On the Market: Keeping Families in the City, Preserving Open Space in the Suburbs


The International Gem Tower. (NewYorkitecture)

What is the landmarked corner building 190 Bowery, which has been owned by the same photographer since 1966, doing on Aby Rosen’s RFR website? asks Crain’s. No one knows as the photographer, Jay Maisel, is staying mum and RFR won’t say what’s going on, but it seems like the 134,000 foot building, which Mr. Maisel and his family alone have occupied for years.

Astoria is seeing a coffee shop boom, DNAInfo reports, with lots of new cafes opening, supplementing longtime Greek coffee favorites like Artropolis and Cafe Boulis.

Advertising fail: Crown Heights restaurant Chop, Chop Grub Shop tries to make light of the whole stop and frisk thing, recommends passerby “stop and frisk their appetite,” via Gothamist.

SL Green could scoop up the top 13 floors of Gary Barnett’s International Gem Tower, according to Crain’s, a slice totaling some 315,000 square feet. The deal could be worth some $400 million, but it’s far from done, as either SL Green or Barnett might drop out.

Cities are vying to keep families from moving to the suburbs as many of the residents who moved there in their early 20s marry and have children. Among the tactics, The Wall Street Journal reports, are play spaces targeted at both children and adults—playgrounds, zip lines, musical swings, beer gardens and camp sites. “The whole city should be a playground, and play should happen everywhere,” says Darrel Hammond, the CEO of play consultant KaBOOM!

On the topic of economic revitalization, Richard Florida dissects a recent study on race and gentrification in Atlantic Cities, which found that “across the board, the likelihood of gentrification declined as the proportion of black residents in a neighborhood went up.” The major implication, he writes, the benefits of gentrification remain highly bounded to neighborhoods that had reached a certain threshold of non-minority residents: “Hwang and Sampson’s study limited itself just to tracts that were geographically within spitting distance of ones that had already seen signs of renewal. But the benefits of upgrading couldn’t always cross those racial borders. As the authors conclude, ‘Such a pattern perpetuates, and perhaps worsens, urban inequality.’ ”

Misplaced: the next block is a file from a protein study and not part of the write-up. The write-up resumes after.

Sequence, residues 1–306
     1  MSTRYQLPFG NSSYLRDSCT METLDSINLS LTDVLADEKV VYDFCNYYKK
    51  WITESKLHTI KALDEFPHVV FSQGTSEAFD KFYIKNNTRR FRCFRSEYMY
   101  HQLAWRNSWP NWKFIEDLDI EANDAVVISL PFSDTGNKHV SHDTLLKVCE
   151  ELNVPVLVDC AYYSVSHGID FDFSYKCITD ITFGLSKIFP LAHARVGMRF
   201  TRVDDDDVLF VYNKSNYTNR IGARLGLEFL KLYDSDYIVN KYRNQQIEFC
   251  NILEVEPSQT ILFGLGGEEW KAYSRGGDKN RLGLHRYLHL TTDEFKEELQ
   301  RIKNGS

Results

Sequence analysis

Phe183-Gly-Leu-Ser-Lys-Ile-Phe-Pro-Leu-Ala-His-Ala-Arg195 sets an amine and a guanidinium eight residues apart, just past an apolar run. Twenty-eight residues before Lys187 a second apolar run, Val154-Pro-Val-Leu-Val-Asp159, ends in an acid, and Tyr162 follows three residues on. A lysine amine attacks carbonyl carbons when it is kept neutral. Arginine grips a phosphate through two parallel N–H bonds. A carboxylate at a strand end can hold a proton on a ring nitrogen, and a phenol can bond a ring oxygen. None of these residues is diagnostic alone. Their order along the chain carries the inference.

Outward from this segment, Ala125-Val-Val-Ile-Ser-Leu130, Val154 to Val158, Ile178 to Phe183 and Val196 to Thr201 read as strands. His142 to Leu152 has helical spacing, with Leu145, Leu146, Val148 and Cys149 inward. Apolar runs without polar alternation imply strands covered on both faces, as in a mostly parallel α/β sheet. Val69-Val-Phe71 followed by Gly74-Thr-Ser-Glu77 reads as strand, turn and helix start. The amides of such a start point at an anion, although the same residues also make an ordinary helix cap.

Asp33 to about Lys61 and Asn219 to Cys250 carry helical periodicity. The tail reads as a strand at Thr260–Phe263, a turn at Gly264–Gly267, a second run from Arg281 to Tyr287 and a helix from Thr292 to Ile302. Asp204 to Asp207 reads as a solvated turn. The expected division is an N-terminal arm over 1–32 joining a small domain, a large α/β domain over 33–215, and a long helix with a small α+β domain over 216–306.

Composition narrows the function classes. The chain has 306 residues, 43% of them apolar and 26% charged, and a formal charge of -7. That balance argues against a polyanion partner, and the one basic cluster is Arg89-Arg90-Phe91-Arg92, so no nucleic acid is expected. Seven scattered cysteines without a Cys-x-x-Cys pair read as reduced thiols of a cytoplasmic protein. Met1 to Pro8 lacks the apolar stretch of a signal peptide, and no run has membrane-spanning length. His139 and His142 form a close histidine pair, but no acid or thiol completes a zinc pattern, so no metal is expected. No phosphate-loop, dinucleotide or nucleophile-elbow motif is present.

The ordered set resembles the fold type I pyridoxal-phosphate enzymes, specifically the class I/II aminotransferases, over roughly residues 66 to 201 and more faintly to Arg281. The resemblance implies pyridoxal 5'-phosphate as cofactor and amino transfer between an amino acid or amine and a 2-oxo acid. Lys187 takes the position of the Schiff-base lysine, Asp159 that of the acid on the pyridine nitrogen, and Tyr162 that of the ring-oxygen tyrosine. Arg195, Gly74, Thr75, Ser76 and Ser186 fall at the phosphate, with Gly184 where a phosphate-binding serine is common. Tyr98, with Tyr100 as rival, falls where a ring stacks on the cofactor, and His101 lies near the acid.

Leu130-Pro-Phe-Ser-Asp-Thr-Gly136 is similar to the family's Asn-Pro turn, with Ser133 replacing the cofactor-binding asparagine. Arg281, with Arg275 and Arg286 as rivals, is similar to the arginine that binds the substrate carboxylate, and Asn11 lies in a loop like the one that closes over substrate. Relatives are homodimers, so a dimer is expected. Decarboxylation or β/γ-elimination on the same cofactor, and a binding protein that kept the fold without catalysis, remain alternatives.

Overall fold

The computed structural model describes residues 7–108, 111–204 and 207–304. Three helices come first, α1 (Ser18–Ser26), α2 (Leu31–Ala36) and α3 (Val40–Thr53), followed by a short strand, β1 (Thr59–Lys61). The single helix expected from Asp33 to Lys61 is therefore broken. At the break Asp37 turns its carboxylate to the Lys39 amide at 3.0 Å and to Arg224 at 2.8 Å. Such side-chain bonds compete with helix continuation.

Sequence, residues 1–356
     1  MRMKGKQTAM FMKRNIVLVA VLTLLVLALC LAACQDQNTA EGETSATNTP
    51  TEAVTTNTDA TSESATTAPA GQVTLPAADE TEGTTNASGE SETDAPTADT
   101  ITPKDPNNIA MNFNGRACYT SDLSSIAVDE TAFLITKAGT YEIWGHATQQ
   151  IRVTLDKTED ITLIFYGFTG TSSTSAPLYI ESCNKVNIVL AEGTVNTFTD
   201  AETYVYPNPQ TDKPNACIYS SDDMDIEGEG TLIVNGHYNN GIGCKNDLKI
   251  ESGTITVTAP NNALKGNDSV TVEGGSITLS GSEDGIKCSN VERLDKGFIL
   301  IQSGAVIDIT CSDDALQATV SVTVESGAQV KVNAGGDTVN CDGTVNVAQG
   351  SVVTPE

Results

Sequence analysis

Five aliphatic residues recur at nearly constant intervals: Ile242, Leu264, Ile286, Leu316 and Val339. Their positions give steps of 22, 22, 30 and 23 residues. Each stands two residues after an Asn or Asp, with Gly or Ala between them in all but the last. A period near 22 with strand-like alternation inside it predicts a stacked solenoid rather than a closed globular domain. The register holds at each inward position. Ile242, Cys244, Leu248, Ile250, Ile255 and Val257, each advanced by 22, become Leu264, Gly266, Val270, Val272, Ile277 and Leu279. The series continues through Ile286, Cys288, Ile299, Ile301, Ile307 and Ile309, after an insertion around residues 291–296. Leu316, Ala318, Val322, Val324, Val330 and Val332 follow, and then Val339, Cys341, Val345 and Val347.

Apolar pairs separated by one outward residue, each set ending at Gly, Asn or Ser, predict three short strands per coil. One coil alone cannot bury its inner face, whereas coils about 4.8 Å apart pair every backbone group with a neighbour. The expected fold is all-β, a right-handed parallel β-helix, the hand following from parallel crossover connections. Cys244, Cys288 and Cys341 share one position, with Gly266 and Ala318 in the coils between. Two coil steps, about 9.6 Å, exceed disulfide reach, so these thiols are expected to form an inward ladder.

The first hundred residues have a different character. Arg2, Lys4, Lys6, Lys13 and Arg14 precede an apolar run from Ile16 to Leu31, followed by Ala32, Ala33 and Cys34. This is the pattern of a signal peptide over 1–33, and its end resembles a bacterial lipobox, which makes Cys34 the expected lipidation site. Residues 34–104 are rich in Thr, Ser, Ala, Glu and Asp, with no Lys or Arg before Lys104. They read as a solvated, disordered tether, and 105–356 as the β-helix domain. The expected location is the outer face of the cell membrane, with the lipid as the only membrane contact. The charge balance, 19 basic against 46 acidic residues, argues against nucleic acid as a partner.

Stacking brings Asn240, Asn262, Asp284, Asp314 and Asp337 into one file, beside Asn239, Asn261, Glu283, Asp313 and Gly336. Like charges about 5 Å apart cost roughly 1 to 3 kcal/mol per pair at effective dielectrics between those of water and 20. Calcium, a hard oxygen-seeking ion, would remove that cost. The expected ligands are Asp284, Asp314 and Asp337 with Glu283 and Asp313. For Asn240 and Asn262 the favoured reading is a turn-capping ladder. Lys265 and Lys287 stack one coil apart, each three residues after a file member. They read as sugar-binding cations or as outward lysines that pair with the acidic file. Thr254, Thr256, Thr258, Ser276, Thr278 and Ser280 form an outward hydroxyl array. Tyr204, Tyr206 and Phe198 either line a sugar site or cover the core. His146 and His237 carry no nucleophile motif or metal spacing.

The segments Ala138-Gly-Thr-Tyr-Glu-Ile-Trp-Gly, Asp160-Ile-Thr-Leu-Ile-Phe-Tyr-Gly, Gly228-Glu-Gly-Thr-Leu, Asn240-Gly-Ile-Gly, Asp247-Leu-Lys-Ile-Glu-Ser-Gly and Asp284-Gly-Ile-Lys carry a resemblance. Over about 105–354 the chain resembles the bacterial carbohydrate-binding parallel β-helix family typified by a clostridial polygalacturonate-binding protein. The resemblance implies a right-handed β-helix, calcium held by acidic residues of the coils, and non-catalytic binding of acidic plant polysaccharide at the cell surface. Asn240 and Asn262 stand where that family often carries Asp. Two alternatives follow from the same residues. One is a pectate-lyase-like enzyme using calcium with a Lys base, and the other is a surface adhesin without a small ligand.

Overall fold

The Daily Beast profiles one of our favorite chroncilers of gentrification: Jeremiah Moss. Well, sort of profiles. They do not manage to get Moss, who writes the blog Vanishing New York under a pseudonym, to give up his real identity, though they do have an interesting conversation about change in the city.

Outside of the city, many burgeoning suburbs are looking for ways to maintain open space while accommodating growth. In Southbury, Connecticut, town leaders have struck a deal with the developer to have the 103-acre Westenhook farm to be divided in half, with one hosting a new housing development and the other preserved as a horse farm, according to The Wall Street Journal. “I had a partner who just wanted to build homes,” the developer told The Journal. “You could see that with a little bit of care and love and investment this could be an interesting centerpiece to a more creative community, whether you like horses or not.”

On the Market: Keeping Families in the City, Preserving Open Space in the Suburbs